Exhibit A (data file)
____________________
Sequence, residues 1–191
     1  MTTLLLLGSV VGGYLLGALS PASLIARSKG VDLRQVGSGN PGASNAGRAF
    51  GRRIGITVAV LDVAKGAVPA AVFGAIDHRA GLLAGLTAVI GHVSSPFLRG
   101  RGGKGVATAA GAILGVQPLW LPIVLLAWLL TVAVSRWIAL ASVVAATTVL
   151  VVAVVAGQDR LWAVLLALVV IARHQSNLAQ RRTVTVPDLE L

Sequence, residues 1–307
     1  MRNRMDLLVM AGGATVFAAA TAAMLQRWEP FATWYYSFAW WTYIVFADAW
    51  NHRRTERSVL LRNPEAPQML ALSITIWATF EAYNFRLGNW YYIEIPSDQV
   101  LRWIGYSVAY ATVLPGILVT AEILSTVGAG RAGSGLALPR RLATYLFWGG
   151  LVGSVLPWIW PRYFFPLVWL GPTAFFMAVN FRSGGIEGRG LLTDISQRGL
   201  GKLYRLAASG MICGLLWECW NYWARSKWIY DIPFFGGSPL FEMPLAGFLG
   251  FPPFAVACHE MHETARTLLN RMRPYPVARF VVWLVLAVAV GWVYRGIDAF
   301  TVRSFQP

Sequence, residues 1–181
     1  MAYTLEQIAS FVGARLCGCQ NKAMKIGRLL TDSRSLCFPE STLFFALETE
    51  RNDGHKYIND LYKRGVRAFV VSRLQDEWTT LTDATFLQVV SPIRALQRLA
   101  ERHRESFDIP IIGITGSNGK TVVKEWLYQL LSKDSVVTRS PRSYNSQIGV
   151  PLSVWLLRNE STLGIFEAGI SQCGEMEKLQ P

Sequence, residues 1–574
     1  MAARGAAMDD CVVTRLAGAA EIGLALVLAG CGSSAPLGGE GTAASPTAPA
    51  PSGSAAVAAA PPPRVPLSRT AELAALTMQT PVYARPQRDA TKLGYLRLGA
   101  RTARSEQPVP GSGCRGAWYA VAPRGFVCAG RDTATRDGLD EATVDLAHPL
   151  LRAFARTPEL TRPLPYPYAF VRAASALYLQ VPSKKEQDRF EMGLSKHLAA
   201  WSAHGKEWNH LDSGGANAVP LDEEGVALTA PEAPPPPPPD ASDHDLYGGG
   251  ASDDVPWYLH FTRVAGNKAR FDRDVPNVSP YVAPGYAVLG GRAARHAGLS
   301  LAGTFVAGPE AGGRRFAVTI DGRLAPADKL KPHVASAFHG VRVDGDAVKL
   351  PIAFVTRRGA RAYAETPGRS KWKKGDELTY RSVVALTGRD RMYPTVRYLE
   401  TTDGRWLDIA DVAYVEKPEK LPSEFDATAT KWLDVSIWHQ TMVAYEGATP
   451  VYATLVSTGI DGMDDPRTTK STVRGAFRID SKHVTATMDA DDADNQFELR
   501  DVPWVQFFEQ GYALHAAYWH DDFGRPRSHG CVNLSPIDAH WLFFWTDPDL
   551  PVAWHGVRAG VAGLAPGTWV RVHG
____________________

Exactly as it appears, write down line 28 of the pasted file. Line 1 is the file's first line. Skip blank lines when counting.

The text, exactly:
   401  TTDGRWLDIA DVAYVEKPEK LPSEFDATAT KWLDVSIWHQ TMVAYEGATP